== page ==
[Samba] Looking for a set of definitive answers (long)

John H Terpstra jht at samba.org
Wed May 21 20:31:48 GMT 2008


OK - I'll respond too.  I see Jeremy has beaten me to it.  

Let me tell you up front, if you want the documentation to be improved the 
best thing you can do is contribute changes and updates.  Making us aware of 
docuentation problems is a good start, but please take this a step further - 
send us your updates and changes.

One other thing, before I get too far into answer or commenting is this: The 
Official Samba3 HOWTO and Reference Guide (TOSHARG) is a document (book) that 
sets out how specific parts of Samba function.  It was never intended to 
provide a working template or a scripted recipe.  

I did write the Samba3-ByExample book with the specific objective to provide 
detailed step-by-step, fully worked, examples of real working networks, did 
you consult that document at any time?  Are you offering to improve its value 
and utility by contributing your experiences and recommendations?

Users and admins like yourself are in the best position to improve the 

Please see comments below.

 John T.

On Wednesday 21 May 2008 01:47:52 pm Avery Payne wrote:
> Question:
> We recently moved to a Samba-based file server, which holds mission-
> critical data on it (.dbf files used by our Accounting software, etc.)
> The goal was to create a file server that had excellent performance while
> providing Volume Management, but we felt that something like Veritas was
> overkill for our needs.

A noble goal that can be achieved.

> Design Goals:
> - Redundant Hardware
> - Manual Failover (this was an acceptable solution)
> - Very large storage capacity (minimum 1 Terabyte)
> - Better than 100Mbyte/sec throughput
> - Volume Management, Journaled Filesystem
> - Drop-In Replacement for aging Win2k file server
> - Use existing admin tools to avoid retraining

The last two goals are a little ambitious.  A drop-in replacement is a tall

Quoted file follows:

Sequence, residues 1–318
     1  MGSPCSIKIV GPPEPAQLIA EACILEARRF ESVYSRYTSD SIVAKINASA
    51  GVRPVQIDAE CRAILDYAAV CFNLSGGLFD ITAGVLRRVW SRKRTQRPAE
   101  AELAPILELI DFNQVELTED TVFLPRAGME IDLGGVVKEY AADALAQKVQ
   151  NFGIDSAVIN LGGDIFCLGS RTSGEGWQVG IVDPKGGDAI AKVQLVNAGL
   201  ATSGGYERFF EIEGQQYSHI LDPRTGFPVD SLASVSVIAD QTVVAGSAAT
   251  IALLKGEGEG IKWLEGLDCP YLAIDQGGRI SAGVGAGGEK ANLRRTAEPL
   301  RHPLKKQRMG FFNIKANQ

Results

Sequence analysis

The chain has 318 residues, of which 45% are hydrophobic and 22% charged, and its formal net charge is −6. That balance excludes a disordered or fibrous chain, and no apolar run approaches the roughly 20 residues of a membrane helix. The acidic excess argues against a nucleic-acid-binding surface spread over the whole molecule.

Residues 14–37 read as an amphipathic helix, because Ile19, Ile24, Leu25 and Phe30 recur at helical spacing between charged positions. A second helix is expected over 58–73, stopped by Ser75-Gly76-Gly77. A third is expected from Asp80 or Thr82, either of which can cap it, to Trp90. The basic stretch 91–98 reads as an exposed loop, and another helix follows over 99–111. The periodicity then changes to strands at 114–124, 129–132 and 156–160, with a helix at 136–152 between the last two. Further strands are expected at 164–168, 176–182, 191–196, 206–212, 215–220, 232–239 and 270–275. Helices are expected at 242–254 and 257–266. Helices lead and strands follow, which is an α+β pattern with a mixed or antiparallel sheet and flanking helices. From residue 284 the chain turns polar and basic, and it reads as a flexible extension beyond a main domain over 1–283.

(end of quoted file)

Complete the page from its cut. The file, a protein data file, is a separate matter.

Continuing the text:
order that I believe can not be met today.  There are some existing tools, 
but none are a complete replacement for the nicely integrated Microsoft 

> The proposed solution was a Samba file server running on a pair of
> redundant servers, with one connected to an eSATA raid box, with LVM and
> Ext3 providing volume management and journaling.  

I would not architect the solution this way.  There are way too many pitfals 
with this solution.  You have identified one already - the SID <=> UID/GID 
mapping challenge.

I would have used a RAID5 array in each server with rsync to synchronize from 
the master to the slave.  This could be run from cron.  Anyhow, this is a 
digression from your problems.

> Our transition was a 
> bit rough, but in the end it has been very stable and fast.  We have been
> really pleased with the performance of the hardware/software combo,
> seeing sustained throughput of about 250Mbyte/sec with peaks as high as
> 300Mbyte/sec.  But along the way, we encountered some oddities, and I
> have some remaining questions.

What lab work did you do in a test environment before rolling this life?  
Proper pre-rollout evaluation can save a lot of head-banging later.

> First, the oddities (long-time Samba devs and admins, take this with a
> grain of salt, when I say oddity I mean it from the perspective of an
> experienced Windows administrator):

Grain of salt taken.  Your initiative to write this email is most appreciated.  
It is a first step in the process of improvement.

> - File permissions do not behave as expected (from the viewpoint of other
> staff working with the server).
> The *nix permission bits cause a user, group, and "Everyone" entry to
> become permanent and persistent.  There was some initial grousing over
> this fact as our long-time Windows admin scratched his head over why he
> couldn't remove these entries as he saw fit.  

Samba is an engine that sits on top of a host OS. That host OS is NOT Windows.  
Samba has to go along with the rules imposed by the host OS.  The TOSHARG 
chapter on "File, Directory, and Share Access Controls" should be the red 
flag that underlying file system semantics are exerted by Samba.  Windows 
admins need to be trained to understand that Samba is not Windows NT/2Kx, 

Jeremy's notes about the VFS modular work aimed at providing better Windows 
ACLs emulation may provide the solution you are looking for.

> After explaining that there 
> would always be three settings no matter what, that they could never be
> deleted, and that they represented actual filesystem-level bits that
> wouldn't go away, it was accepted.  I didn't notice if this was in the
> docs or not, but I certainly didn't find it.  

It would help me to understand your problem if you can point out how you went 
about searching for answers.  What questions did you frame mentally in your 
search? Where and how did you look?

Did you use a hard-copy of the book? Search online in the HTML web pages? Or 
did you download the PDF of the book and use the hotlinked pages in the 
subject and topic indexes?

> It also meant enabling ACLs 
> on all of the filesystems and doing some creative thinking with the